THE GOOD: I thought it was a very well written, compelling tale of a mother's struggle with her daughter's anorexia, and a mother's perspective as her daughter and her family try to deal with this deadly disease. I learned a lot about anorexia without getting caught up in jargon or in any kind of "thinspriation" speak, which the author notes she made great efforts to avoid. And, most importantly, I think this is a fresh perspective that will be incredibly helpful to other families struggling with anorexia, and provide them with information about family-based therapy, which is still not as common as other (and according to the author, less effective) therapies. I picked up this book because the New York Times Magazine article the author initially wrote has always stuck with me, and I wanted to hear the larger story, and I'm glad I read both the article and the book. That said...
THE BAD: I thought the author's agenda really got in the way of the book. She was clearly so angry at people who pushed treatment centers and blamed families that I didn't think she gave a fair discussion of those options and how they compare, especially for families who are not as available for full-time FBT as she and her husband were. I understand that this was a memoir and that she instinctively felt that treatment centers wouldn't be right for her daughter - and I would guess that she's right. But not every anorexic girl comes from a loving, intact family who has the emotional and financial resources to help their daughters the way the author did.Read more ›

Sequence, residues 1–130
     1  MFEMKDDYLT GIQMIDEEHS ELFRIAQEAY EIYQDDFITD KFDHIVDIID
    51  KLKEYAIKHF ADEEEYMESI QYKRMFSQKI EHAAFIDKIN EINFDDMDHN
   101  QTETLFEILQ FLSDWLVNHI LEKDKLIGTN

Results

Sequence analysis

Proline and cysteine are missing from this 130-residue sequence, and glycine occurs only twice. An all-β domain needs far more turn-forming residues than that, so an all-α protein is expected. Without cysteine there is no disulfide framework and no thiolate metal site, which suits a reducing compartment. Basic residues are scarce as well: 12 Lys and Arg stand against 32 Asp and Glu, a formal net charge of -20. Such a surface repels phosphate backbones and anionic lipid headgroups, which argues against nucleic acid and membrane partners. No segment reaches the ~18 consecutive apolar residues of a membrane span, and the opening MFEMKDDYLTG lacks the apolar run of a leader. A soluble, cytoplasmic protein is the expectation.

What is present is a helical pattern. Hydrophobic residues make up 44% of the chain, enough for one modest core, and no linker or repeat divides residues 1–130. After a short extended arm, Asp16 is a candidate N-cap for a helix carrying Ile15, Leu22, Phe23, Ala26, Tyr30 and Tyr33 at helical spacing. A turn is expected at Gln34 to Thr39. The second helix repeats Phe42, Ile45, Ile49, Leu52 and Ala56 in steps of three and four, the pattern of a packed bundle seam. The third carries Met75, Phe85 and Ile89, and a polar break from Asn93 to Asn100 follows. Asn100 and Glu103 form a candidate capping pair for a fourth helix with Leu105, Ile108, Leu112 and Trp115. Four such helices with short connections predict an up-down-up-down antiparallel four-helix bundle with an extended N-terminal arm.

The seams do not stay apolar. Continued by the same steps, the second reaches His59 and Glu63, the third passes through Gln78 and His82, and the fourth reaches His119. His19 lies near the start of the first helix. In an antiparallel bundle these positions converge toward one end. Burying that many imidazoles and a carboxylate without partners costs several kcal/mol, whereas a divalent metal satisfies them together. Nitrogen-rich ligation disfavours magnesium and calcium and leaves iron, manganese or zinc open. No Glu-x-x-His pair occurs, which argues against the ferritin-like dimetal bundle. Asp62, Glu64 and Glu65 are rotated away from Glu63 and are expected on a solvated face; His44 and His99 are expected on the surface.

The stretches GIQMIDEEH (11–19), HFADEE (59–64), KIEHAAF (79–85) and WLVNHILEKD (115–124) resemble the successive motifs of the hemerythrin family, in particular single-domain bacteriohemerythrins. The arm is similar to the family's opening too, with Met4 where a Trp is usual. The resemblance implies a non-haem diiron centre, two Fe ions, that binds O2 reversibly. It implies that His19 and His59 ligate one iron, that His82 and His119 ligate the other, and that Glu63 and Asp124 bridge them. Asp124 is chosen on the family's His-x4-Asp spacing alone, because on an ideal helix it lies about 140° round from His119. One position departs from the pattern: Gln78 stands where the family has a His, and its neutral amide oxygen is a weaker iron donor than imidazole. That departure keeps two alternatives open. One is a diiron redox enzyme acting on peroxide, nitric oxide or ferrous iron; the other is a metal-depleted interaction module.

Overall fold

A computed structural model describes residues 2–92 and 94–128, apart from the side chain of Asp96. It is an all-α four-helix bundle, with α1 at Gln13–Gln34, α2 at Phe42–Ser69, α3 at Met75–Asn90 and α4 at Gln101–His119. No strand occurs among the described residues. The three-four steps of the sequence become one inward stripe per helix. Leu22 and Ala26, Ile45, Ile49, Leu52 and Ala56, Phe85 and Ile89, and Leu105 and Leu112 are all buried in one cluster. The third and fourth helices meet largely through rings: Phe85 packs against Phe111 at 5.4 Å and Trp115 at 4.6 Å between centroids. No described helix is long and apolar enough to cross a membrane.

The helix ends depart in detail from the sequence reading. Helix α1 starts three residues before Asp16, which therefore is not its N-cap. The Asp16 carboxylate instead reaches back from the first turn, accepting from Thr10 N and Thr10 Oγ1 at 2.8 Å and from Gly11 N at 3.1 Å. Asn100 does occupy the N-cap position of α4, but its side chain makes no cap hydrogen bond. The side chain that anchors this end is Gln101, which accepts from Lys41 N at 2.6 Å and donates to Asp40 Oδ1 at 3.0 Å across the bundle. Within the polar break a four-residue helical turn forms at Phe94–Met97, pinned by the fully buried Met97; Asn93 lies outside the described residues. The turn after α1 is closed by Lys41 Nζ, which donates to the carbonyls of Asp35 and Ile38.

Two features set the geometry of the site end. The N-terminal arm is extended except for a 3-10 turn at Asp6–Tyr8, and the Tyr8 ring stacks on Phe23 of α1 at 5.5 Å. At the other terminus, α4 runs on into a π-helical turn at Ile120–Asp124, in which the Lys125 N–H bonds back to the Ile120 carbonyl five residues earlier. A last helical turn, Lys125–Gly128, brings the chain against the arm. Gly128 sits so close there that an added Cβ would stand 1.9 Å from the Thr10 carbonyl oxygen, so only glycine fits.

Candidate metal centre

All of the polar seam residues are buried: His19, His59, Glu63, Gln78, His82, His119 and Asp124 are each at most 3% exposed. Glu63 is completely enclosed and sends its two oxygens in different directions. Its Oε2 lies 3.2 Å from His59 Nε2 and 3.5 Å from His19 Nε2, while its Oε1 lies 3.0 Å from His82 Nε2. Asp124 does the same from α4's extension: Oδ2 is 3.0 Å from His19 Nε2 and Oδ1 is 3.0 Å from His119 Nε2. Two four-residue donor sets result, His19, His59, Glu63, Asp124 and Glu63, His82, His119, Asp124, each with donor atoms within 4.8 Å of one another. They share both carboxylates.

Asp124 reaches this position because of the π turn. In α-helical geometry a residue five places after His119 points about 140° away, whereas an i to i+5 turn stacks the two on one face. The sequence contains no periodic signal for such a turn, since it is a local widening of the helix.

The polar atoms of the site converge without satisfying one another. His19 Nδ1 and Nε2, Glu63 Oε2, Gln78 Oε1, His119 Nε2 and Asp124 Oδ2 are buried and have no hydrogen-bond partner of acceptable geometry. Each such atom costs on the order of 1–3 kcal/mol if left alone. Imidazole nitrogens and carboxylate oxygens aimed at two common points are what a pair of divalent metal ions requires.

When I titled my review "myth-busting" I meant that, before reading this book I thought of eating disorders as the neuroses of the hyperprivileged raised by mothers who bought into the "a woman can't be too thin or too rich" credo. But Harriet Brown is grounded, well-informed; her family is functional and loving; the message she and her husband have always given to their daughters is of acceptance of the full range of healthy body sizes. So when Kitty starts limiting her diet to a few leaves of lettuce and a precisely-counted number of grapes, wasting away before her family's eyes, erupting into tirades that seem voiced by some alien within her that calls her a pig, disgusting, worthless, Harriet is mystified and fearful.
Despite inept therapists and obstructive insurance companies, and books that perpetuate outdated and downright damaging information, Brown rallies her journalistic discipline and her lioness-mother heart to save her daughter's life, and, by the book's end, has come to a place of hope. Not complete, easy triumph -- but hope.Read more ›
Most Recent Customer Reviews
Very well written - kept me interested and this is not a topic that affects me directly.Published 1 month ago by Lynn H. Weir
I can't read anymore. I find the author's research interesting, but I can't get past her refusal to take any responsibility for her daughter's condition. Read morePublished 1 month ago by Susan
My child has a different illness, Auotonomyia. Knowing families going through Anorexia, and feeling like the family involvement and the extreme efforts the kids have to go through... Read morePublished 1 month ago by sandal
I loved this book! I could really identify with Harriet's honest struggle navigating her daughter Kitty's struggle. Very well written...I wish there was a sequel!Published 2 months ago by Amazon Customer
Not what I expected. More about the mother. Never got to know the girl.Published 2 months ago by Patriot